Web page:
The MBS in question is redeemed, with the outstanding notes replaced with beneficiary trust certificates backed by the trust loan pool, and issued to legitimate beneficiaries ("true sale" to MBS investors). Overcollateralization is used to ensure that the pool has sufficient funds to meet the payments on the certificates in case of events causing a beneficiary interest.

Rating agencies assume events causing a beneficiary interest when estimating the overcollateralization ratio required for 'AAA' ratings at the issuance of MBS. Based on these ratios, a sufficient level of overcollateralization is provided.

 For the overcollateralization level of outstanding JHF/GHLC MBS, please refer to the relevant pages of our website at: Outstanding MBS


 Holders of JHF MBS are entitled to exercise their beneficiary rights when certain events occur. The four events in which beneficiary interests can be exercised are defined as follows:

  1.  Dissolution of JHF without an entity appointed to take over the payment obligations for the JHF MBS.
  2.  Dissolution of JHF where the entity appointed to take over the payment obligations is a kabushiki gaisha (joint stock corporation), or laws are applied so that the appointed legal entity is allowed to file for corporate reorganization or other similar bankruptcy proceedings.
  3.  The obligor of the JHF MBS become a joint stock corporation or a legal entity to which file for corporate reorganization or other similar bankruptcy proceedings can be applied.
  4.  The failure by JHF to fulfill a payment obligation with respect to the MBS or any other bonds issued or succeeded by JHF, and the failure is not cured within 7 days.
  1. Before events causing a beneficiary interest occur:
     Proceeds from the trust loan pool are passed along as the repayment of the MBS principal. The amount of MBS redeemed in a given month is determined according to the amount collected from the trust loan pool two months prior.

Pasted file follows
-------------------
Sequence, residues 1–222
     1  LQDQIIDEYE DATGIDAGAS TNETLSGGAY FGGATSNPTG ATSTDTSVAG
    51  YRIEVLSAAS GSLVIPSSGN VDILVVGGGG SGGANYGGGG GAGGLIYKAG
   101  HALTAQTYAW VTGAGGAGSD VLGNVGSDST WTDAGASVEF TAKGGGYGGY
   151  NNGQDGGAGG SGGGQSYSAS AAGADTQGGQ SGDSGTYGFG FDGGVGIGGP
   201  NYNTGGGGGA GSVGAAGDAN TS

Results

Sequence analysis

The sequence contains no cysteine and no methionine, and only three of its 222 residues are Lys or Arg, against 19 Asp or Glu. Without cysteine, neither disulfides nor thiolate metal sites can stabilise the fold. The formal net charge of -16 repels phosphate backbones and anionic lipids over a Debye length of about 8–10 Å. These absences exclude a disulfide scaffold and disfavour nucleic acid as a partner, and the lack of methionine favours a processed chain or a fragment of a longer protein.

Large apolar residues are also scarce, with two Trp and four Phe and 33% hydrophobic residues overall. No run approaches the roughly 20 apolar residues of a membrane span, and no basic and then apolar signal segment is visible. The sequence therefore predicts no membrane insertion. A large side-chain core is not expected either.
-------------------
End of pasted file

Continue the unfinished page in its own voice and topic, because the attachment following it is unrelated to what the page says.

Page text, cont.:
The portion of trust loans remaining after reserving the balance equivalent to the required overcollateralization rate relative to the MBS balance after the payout is passed on to the JHF (pro rata pass-through structure).
     JHF has the right to redeem entire remaining balance of MBS once it is paid down to 10% or less of the initial issue amount ("clean-up call").
  2. After events causing a beneficiary interest occur:
     Investors receive every month all remaining amount collected from the loan pool, net of expense and trust dividend, as principal repayment ("turbo redemption"). Only after the entire principal has been paid to the investors and the beneficiary right has expired, JHF is given the residual asset that has been served as overcollateral by trustee ("sequential pay structure).
  1. Data on trust loan pool
     Every month, JHF discloses data on Factor, CPR, WAC, WAM, and replacement/partial cancellation etc. in a series by pool. JHF also releases data on rescheduled factors by pool, and provides updates every six months after the issuance of the MBS. The designated underwriters issue their estimates of prepayment rates. In addition, JSDA issues statistical distribution of prepayment in the PSJ model based on estimates made by the underwriters twice every month. Data on loan attributes, including the LTV and DTI, are updated every six months (available only in Japanese).